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Petroglyph at MOV

I don't know how many times I've looked at this rock through the window on the bottom floor of MOV and not realized that it's a petroglyph and that the writing on it is hundreds of years old.

I don't know how many times I've looked at this rock through the window on the bottom floor of MOV and not realized that it's a petroglyph and that the writing on it is hundreds of years old. Read below to see what the deal is, then next time you're at MOV (maybe when you're checking out the SWEATERLODGE I told you about earlier this week) go and have a look for yourself.

There's a plaque inside the window (which is how I found out it's not just some mossy rock with scratches on it), here's what it reads:

"The term petroglyph is used to describe a rock which has been decorated with images carved into its surface. They are symbols that have been left by indigenous populations from the region, and are part of the legacy of the First Nations populations of the Pacific Northwest Coast. In the Pacific Northwest, petroglyphs are most often located along riverbanks and between tide lines along the coast. An example of a petroglyph can be seen here in the corner of this courtyard.

Upon first glance these designs may be thought to represent a form of language. Rather, petroglyphs should be viewed as a type of illustration as they cannot be "read" in the traditional sense. Designs portray creatures, both real and mythological, as well as humanoid figures. Much of the meaning of these carvings remains a mystery. Many western scholars have made attempts to interpret them. Some feel the carved stones represent myths once part of the oral tradition of this region. Some believe they functioned as property markers. Still others see them as being associated with ceremonies. It has been speculated that this petroglyph may have been a salmon marker. Another theory postulates that the rock was associated with puberty rites. There is little known oral tradition regarding these pieces. As well, because of their material and the fact that they do not erode at a uniform rate, contemporary archaeological techniques have not succesfully been able to date the stones. It is estimated that this petroglyph was created within the last five hundred years.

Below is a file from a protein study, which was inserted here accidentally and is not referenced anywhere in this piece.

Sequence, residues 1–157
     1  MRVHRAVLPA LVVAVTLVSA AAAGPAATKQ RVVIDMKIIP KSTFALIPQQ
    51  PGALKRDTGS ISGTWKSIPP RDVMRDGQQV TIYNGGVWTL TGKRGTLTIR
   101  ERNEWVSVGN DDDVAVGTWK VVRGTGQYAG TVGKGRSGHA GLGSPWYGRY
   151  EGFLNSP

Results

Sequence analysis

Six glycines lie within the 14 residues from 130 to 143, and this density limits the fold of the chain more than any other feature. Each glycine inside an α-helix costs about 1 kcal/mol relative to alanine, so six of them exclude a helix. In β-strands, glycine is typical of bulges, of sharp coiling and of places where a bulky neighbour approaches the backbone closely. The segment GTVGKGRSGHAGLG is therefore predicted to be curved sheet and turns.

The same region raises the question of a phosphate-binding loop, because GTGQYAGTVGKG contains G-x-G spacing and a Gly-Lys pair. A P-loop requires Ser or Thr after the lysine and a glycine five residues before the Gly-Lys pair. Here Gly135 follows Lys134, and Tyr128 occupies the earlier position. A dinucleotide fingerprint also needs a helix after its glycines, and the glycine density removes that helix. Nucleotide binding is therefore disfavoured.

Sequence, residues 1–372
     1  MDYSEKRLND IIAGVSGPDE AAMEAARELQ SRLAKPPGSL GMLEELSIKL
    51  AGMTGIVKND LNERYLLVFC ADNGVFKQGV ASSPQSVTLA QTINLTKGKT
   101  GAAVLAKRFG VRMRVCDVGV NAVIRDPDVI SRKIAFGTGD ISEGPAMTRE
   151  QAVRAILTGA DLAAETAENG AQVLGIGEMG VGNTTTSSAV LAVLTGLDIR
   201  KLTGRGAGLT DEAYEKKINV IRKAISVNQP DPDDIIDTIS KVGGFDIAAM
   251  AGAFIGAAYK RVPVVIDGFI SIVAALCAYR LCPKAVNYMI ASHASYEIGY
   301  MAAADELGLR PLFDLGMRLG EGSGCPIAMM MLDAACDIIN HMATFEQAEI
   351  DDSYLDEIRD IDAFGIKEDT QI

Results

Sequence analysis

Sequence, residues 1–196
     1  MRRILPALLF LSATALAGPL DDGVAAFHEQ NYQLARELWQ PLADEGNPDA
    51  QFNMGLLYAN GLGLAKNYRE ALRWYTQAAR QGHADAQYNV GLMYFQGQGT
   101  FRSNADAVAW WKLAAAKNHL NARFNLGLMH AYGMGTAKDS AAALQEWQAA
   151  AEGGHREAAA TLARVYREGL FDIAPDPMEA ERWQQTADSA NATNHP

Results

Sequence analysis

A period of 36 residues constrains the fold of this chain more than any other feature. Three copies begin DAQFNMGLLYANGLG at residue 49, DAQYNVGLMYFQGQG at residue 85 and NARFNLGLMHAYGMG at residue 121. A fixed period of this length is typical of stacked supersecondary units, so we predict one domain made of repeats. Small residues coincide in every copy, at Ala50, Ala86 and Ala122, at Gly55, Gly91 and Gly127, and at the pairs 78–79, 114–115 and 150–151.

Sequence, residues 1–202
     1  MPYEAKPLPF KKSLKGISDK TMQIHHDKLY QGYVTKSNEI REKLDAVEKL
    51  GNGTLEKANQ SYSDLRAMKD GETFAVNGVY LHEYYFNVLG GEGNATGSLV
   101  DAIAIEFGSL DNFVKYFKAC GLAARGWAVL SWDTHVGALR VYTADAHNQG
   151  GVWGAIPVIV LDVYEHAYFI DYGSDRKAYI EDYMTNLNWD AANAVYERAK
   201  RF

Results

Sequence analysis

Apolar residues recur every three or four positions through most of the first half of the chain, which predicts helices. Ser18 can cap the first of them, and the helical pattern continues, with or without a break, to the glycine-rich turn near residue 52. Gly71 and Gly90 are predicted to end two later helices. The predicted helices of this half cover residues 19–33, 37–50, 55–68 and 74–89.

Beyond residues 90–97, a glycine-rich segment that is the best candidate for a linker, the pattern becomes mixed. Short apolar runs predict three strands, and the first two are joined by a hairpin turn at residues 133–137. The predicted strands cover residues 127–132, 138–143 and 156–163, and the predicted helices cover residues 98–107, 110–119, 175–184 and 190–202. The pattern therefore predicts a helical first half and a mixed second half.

This petroglyph was carved in the vicinity of Lone Cabin Creek, north of Lillcoeta on the Fraser River. It first gained Euro-Canadian attention in 1923 upon its discovery by H.S. Brown, a Cariboo prospector. He brought its existence to the attention of William Shelly, the Vancouve. Parks Board commissioner of the era. Shelly proposed moving the six ton rock from its location on the Fraser to a new home in Stanley Par Three years later, the move commenced. The rock was first loaded onto a raft to be floated to the nearest railway station. This awkward plan failed as the incredible weigut of the boulder caused the raft to sink immediately after loading. The next, more succesful attempt involved a team of ten horses and a sled. In the dead of winter, the "Shelly stone" was dragged to the closest rail line. The whole procedure took over a month and cost Shelly two thousand dollars, an unbelievable sum for that time. The ''Shelly Stone" arrived safely at Stanley Park. It was set in a foundation of concrete as it was felt that this would prevent the enormous rock from being carried off or destroyed.

The rock remained at Brockton Point, mislabelled as an "Indian Pictograph", from 1926 until its transport to the Vancouver Museum in June 1992. During the years in Stanley Park, human contact and urban pollution have worn on the petroglyph like sandpaper. It is hoped that the protected environment of the museum will guard its images from further deterioration."

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